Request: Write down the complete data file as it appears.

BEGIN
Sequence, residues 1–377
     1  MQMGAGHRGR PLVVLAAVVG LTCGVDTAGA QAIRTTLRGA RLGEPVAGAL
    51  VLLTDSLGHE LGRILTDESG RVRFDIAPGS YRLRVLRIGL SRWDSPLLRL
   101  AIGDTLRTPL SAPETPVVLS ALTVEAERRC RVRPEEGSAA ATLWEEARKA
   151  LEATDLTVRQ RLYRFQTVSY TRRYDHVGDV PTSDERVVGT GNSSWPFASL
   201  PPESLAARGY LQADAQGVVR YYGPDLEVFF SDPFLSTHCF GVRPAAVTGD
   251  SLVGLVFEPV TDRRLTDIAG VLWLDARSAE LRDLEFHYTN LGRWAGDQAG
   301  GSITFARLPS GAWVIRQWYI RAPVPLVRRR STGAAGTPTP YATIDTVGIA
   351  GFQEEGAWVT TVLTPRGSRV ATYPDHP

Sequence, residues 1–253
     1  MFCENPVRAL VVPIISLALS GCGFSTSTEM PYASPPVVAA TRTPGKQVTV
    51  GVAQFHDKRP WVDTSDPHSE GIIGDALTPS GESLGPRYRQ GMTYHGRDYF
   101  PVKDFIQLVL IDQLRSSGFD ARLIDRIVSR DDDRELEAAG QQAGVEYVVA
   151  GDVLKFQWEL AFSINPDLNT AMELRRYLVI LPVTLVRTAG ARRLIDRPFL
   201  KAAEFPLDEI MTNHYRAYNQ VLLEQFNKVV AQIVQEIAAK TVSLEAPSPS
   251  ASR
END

Sequence, residues 1–377
     1  MQMGAGHRGR PLVVLAAVVG LTCGVDTAGA QAIRTTLRGA RLGEPVAGAL
    51  VLLTDSLGHE LGRILTDESG RVRFDIAPGS YRLRVLRIGL SRWDSPLLRL
   101  AIGDTLRTPL SAPETPVVLS ALTVEAERRC RVRPEEGSAA ATLWEEARKA
   151  LEATDLTVRQ RLYRFQTVSY TRRYDHVGDV PTSDERVVGT GNSSWPFASL
   201  PPESLAARGY LQADAQGVVR YYGPDLEVFF SDPFLSTHCF GVRPAAVTGD
   251  SLVGLVFEPV TDRRLTDIAG VLWLDARSAE LRDLEFHYTN LGRWAGDQAG
   301  GSITFARLPS GAWVIRQWYI RAPVPLVRRR STGAAGTPTP YATIDTVGIA
   351  GFQEEGAWVT TVLTPRGSRV ATYPDHP

Sequence, residues 1–253
     1  MFCENPVRAL VVPIISLALS GCGFSTSTEM PYASPPVVAA TRTPGKQVTV
    51  GVAQFHDKRP WVDTSDPHSE GIIGDALTPS GESLGPRYRQ GMTYHGRDYF
   101  PVKDFIQLVL IDQLRSSGFD ARLIDRIVSR DDDRELEAAG QQAGVEYVVA
   151  GDVLKFQWEL AFSINPDLNT AMELRRYLVI LPVTLVRTAG ARRLIDRPFL
   201  KAAEFPLDEI MTNHYRAYNQ VLLEQFNKVV AQIVQEIAAK TVSLEAPSPS
   251  ASR